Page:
• Uncomfortable procedures. I’m not going to sugarcoat this, the due diligence phase may smart a little bit. Business due diligence usually comes first and will be led by your new investor. It will typically entail someone that appears to be the same age as one of your kids (or grandchildren) asking a series of questions that makes you wonder if they grasp what your company does. In reality, they are simply making sure to build a strong foundation for their understanding of the business based on the information you’ve provided. Then, the accountants arrive. If you’ve been putting off an audit because you thought the process would be too painful, just wait until you experience a Quality of Earnings assessment. This exercise will include a near cellular look at the constituents of revenue and cost to assess the accuracy and sustainability of your company’s reported financial performance. You can also expect legal, environmental and insurance-related investigations into the business. Just know that while one or more of these exercises will feel like an exam, they are a part of nearly every deal that gets done to help an investor build conviction that they’re not buying a lemon. The good news is that, afterwards, the company will likely be better organized and more self-aware about its health than it has ever been.
  • Tense moments with your partner. In this case, the partner to which I’m referring is the new investor in the business. It’s easy for emotion to take hold of a negotiation, but the key is to remain dispassionate and use the benefit of time and deep breathing before responding to sensitive deal points. This is especially important if you will be retaining some ownership in the business alongside the new partner going forward. Like many relationships, effective communication will protect against a lot of conflict that arises from misaligned expectations. Further, maintaining a strong working relationship will allow you to focus on constructively growing the business together once the deal has closed.
  • You’ll be ready for it to be over. In most instances, the gestation period of a transaction with a private equity fund is 3-6 months from “hello” to the closing dinner. You will inevitably encounter deal fatigue and other frustrations regarding why things are not moving along more quickly. However, it’s important to remember that by the time you are saying, “I just want this to be over,” the investor will have likely incurred substantial legal, accounting, and other due diligences expenses to drive towards a close. This accumulating cost creates an incentive for the investor to close as quickly as possible. And, believe it or not, investors want to get the deal done too and move on to the important business of growing the company. Your interests are aligned in this way. Stay vigilant, though, to make sure that anyone getting paid by the hour isn’t dragging out the process to their benefit. Sometimes the most efficient solution is to speak directly to the new investor to fix any bottlenecks.
  • New perspectives on the other side. Having experienced a transaction is binary – you’ve either gone through it, or you haven’t. If you have, you gain an array of memories that will forever affect your outlook on business and life. You’ll also be equipped with a ton of advice you can dispense for free and on an unsolicited basis to other business owners thinking about selling their companies. And, perhaps most importantly, you will have the transcendent satisfaction that you’ve lived the entirety of the circle of entrepreneurial life.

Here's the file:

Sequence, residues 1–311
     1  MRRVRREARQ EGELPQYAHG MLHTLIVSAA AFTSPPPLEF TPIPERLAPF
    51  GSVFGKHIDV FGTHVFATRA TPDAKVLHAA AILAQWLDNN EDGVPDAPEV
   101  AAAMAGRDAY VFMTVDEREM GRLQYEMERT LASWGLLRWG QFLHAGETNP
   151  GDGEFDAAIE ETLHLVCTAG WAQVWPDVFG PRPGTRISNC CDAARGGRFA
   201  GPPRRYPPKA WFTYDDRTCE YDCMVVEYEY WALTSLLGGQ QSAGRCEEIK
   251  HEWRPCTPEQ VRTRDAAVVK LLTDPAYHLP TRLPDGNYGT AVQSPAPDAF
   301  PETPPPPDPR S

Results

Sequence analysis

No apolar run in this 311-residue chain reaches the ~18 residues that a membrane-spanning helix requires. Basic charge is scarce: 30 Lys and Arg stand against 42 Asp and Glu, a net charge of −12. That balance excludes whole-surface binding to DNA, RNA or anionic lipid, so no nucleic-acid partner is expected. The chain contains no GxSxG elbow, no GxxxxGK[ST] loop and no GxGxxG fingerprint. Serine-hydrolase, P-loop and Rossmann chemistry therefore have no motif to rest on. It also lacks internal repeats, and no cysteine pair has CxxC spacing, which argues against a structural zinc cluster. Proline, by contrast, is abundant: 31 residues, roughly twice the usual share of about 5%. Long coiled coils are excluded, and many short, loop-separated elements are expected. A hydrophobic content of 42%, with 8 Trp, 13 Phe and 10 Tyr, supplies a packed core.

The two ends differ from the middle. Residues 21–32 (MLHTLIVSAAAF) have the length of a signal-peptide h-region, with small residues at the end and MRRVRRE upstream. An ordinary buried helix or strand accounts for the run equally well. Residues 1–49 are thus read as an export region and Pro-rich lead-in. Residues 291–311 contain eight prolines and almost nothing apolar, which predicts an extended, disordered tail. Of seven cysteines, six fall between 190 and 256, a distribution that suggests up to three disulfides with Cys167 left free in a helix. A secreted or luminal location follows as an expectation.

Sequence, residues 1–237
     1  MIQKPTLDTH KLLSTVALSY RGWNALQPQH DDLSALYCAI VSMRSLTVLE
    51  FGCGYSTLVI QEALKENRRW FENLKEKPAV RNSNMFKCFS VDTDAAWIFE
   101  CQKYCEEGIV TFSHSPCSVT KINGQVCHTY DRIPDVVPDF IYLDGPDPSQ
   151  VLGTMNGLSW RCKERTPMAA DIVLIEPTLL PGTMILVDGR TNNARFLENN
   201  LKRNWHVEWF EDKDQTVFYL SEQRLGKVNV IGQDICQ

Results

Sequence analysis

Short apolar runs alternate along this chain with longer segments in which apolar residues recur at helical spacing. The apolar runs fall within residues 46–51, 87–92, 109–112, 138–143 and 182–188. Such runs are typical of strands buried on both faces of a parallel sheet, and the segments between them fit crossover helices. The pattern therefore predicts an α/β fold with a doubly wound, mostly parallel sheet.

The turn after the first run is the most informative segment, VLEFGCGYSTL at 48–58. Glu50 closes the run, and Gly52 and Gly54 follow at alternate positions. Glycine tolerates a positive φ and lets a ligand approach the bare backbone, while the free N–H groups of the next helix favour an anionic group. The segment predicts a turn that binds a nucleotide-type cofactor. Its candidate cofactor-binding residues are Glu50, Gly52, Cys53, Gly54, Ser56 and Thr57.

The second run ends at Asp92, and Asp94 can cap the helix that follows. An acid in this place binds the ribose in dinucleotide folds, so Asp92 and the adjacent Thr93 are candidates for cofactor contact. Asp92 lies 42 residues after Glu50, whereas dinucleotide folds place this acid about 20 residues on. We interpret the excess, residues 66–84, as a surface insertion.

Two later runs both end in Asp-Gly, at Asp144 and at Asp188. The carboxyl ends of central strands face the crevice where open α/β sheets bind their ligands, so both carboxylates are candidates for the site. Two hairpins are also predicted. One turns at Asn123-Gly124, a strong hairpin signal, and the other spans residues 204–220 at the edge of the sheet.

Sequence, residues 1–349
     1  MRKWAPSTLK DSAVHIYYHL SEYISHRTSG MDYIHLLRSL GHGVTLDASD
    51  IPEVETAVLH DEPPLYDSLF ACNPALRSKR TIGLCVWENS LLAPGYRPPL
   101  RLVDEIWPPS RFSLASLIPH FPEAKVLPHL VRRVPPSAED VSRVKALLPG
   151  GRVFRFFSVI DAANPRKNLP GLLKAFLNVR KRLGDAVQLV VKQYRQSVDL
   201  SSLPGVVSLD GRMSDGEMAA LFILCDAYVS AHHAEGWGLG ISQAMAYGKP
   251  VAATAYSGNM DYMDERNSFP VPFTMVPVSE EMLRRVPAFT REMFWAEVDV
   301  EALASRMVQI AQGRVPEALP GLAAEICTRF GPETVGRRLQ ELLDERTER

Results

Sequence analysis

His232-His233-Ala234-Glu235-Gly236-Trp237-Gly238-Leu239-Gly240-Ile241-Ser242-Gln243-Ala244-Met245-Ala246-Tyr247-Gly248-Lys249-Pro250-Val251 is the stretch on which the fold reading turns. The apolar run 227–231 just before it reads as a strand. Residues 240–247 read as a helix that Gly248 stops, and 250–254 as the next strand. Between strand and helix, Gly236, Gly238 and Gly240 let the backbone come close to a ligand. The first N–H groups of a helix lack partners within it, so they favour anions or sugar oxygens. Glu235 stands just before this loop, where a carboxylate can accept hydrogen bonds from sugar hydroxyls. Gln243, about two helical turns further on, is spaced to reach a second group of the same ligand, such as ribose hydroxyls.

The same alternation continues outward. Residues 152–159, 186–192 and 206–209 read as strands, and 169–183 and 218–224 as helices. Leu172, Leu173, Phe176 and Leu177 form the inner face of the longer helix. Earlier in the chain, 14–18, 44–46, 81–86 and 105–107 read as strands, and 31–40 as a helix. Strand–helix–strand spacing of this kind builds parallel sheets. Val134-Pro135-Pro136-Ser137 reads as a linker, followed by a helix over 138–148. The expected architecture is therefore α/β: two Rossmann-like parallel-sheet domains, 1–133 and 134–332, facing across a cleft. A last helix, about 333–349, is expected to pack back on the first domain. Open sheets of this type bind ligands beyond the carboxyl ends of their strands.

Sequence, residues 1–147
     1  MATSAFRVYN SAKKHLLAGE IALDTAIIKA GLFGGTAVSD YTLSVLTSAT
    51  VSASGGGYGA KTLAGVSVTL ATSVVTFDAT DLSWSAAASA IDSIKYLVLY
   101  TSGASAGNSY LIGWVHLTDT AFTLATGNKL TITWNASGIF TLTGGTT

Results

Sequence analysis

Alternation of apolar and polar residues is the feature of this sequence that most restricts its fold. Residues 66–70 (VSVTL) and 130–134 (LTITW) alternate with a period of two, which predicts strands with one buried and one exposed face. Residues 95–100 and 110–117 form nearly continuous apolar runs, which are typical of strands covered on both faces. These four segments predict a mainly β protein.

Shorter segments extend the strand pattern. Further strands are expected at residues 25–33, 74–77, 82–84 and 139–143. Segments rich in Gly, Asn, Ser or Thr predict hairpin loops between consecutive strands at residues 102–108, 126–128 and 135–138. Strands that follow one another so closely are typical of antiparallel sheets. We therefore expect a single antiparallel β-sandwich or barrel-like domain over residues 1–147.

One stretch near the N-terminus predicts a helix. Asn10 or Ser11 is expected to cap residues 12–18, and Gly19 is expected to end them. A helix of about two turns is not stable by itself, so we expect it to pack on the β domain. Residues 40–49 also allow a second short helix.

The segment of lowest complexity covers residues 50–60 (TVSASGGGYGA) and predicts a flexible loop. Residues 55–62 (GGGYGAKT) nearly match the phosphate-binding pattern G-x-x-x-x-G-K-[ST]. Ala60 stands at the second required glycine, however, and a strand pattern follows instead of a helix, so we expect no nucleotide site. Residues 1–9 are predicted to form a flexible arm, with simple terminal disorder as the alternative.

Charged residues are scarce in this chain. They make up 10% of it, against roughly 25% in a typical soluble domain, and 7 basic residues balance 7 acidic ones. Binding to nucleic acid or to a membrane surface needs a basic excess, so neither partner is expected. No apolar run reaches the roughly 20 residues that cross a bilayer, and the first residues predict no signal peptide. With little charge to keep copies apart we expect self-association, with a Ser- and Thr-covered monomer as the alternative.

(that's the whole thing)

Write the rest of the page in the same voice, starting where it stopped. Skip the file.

I know what you’re thinking, some of this sounds a little scary. Not to worry, just like with having kids, the less pleasant experiences tend to fade away while the positive aspects linger. If that wasn’t the case, then people wouldn’t strive to sell multiple businesses (or have multiple kids). And, don’t lose sight of the fact that a successful sale brings the liquidity and wealth diversification long pursued by many an entrepreneur. What’s more, a deal with a private equity fund can create an opportunity for a “second bite of the apple” whereby any ownership you retain in the business has the potential to appreciate in value before another future sale. In some cases, we’ve seen the second bite be worth more than the first.

If you’re considering an exit or taking on a partner, it’s a good idea to start doing your homework early. Part of the learning process might include informal conversations with investors to get their perspectives on your business and to begin to develop trust with possible suitors. Please get in touch with us any time if you want to learn more about our investment criteria, philosophy for creating value and/or stories about how we’ve helped other business owners navigate an exit

1Rest assured that this passed editorial review by my wife.

2For maximum effect, I recommend playing “The Circle of Life” from The Lion King in the background while you read this blog.

About ClearLight Partners

ClearLight is a private equity firm headquartered in Southern California that invests in established, profitable middle-market companies in a range of industry sectors. Investment candidates are typically generating between $4-15 million of EBITDA (or, Operating Profit) and are operating in industries with strong growth prospects. Since inception, ClearLight has raised $900 million in capital across three funds from a single limited partner. The ClearLight team has extensive operating and financial experience and a history of successfully partnering with owners and management teams to drive growth and create value. For more information, visit www.clearlightpartners.com.

Disclaimer: The views and opinions expressed in this blog are solely my own and do not necessarily reflect any ClearLight opinion, position, or policy.